Wolitzer has published close to a dozen novels but her record has been somewhat uneven. This may be one of her best, though, especially to those of us born before 1960. It’s the story of six kids who first come together one evening, aged fifteen and sixteen, in the summer of 1974 at Spirit-in-the-Woods, a determinedly artsy summer camp in the Adirondacks run by a couple of aging Greenwich Villagers.

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Published in: on 16 December 2017 at 6:22 am  Leave a Comment  
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Clowes, Daniel. Patience.

Seattle: Fantagraphics, 2016.

Clowes is probably best known for Ghost World, but he’s done a number of other graphic novels, too. This one is sort of science fiction. It’s 2012 and young Jack Barlow, who is scraping a living by handing out flyers on the street, comes home to find Patience, his wife, murdered. The cops decide he did it, and he spends many months in jail before they give up trying to make their case and cut him loose.

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Tomine, Adrian. Killing and Dying.

NY: Drawn & Quarterly, 2015.

I’ve become quite a fan of Tomine, one of the best graphic novelists around, although what he produces are actually graphic short stories. Graphic fiction has to be successful both literarily and visually — otherwise there’s no point — and while Tomine’s art is first-rate, his storytelling skills are even better. His stories are entirely realistic, exploring the lives of the people next door. The quality of the writing is such that I don’t doubt he could leave out the drawing altogether and sell most of the six in this volume to New Yorker. What I especially like is that he doesn’t just tell you everything. You have to look and listen and fill in those often subtle gaps for yourself.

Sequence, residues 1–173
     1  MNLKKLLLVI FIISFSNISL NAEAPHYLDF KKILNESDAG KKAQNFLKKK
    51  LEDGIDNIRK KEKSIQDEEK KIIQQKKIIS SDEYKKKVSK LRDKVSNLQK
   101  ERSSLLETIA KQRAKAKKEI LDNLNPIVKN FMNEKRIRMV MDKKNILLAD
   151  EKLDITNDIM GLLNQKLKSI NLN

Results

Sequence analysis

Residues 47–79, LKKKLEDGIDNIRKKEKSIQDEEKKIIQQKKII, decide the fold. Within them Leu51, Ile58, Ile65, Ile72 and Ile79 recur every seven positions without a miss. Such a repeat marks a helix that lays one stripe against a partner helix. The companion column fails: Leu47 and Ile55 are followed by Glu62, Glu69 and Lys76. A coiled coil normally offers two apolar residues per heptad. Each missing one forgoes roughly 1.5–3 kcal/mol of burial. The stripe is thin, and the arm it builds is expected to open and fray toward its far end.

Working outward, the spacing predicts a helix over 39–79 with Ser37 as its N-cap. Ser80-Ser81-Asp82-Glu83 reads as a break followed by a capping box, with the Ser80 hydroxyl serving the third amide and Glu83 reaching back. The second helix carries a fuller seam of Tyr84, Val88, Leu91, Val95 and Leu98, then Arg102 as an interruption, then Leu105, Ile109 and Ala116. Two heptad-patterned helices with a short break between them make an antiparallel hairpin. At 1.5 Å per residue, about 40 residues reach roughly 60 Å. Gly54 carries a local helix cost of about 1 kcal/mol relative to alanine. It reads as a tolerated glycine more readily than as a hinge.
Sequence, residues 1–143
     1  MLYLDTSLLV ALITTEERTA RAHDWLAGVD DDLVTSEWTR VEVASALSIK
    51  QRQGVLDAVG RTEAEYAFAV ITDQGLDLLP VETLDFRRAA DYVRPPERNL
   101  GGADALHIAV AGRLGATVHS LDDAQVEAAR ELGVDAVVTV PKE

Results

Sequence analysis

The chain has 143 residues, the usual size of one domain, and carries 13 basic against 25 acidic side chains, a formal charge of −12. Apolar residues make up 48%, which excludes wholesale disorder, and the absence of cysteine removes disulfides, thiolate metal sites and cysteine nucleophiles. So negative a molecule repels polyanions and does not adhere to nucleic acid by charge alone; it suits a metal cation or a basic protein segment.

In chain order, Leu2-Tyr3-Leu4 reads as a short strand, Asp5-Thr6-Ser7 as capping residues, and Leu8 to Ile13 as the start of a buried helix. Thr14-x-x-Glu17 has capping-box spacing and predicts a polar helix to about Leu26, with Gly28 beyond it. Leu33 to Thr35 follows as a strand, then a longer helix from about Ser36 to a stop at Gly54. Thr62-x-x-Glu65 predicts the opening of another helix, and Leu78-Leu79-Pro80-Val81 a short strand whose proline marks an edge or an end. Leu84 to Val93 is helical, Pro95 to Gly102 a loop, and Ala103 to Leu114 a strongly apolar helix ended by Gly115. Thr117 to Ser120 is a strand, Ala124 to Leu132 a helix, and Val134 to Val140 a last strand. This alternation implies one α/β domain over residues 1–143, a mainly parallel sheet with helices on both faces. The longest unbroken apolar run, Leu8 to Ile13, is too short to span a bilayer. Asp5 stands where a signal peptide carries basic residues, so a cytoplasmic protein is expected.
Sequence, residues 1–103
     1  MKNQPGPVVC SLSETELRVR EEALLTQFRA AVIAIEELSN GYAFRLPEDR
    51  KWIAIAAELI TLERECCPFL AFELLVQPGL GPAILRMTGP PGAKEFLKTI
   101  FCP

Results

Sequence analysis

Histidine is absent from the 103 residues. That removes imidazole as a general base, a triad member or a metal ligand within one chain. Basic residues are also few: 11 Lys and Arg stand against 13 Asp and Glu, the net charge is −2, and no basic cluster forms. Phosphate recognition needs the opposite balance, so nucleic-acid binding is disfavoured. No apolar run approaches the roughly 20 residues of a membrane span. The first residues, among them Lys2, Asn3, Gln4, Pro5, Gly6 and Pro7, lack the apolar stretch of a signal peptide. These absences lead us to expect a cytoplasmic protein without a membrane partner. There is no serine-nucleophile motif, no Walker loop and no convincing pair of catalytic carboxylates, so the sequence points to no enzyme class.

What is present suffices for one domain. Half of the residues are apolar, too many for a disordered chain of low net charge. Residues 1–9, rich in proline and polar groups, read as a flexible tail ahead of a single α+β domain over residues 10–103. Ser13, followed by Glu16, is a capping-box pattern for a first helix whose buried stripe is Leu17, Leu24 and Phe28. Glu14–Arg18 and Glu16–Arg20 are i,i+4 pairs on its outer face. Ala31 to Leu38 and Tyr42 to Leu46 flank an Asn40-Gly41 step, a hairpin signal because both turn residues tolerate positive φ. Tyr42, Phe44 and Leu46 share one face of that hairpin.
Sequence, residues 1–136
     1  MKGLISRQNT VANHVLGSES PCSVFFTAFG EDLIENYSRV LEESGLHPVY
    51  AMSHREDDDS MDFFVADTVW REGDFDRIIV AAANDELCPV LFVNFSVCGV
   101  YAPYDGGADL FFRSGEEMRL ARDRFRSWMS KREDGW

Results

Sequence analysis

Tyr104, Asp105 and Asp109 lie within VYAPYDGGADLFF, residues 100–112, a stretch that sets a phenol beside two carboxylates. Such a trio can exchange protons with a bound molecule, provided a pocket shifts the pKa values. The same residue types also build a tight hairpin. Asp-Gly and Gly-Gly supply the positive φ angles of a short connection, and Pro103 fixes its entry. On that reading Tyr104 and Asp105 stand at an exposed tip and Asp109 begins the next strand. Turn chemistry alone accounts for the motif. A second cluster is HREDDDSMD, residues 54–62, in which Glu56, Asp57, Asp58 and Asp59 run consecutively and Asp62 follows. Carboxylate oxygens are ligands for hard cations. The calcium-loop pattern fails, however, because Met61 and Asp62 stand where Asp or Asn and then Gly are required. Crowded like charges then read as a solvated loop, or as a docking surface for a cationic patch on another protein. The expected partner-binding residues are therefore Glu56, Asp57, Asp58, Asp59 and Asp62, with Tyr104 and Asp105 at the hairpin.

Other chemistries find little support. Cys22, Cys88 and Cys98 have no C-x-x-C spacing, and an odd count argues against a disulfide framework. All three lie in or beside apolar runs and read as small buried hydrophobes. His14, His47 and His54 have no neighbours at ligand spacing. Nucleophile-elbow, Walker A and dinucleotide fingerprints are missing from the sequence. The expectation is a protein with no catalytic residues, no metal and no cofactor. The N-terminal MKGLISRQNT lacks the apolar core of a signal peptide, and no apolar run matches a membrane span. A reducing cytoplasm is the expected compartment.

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Dessen, Sarah. That Summer.

NY: MacRae Books, 1996.

I discovered Dessen’s Young Adult novels awhile back and was taken with her abilities as a storyteller. She’s done about fifteen of them now, all of them very popular, and I had been reading them pretty much at random. I decided it was time to go back to her first published effort to see how her work had evolved.

Haven McPhail is fifteen, a high school sophomore somewhere in the southeast U.S., and she’s very tall. It’s now late summer and she’s grown four inches just since April, putting her a hair under six feet. This is one of the three main facts of her life.

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Published in: on 8 August 2017 at 5:11 pm  Leave a Comment  
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Dessen, Sarah. Along for the Ride.

NY: Viking, 2009.

I only recently discovered this author, whose books are marketed as Young Adult, but I’m very impressed with her work, period. She considers themes and issues of interest to teenagers, but they should also actually appeal to any reader who is interested in people and how they interact with each other. And Dessen never, ever writes down to her readers. She expects you to pay attention and think about what you’re reading regardless of your age.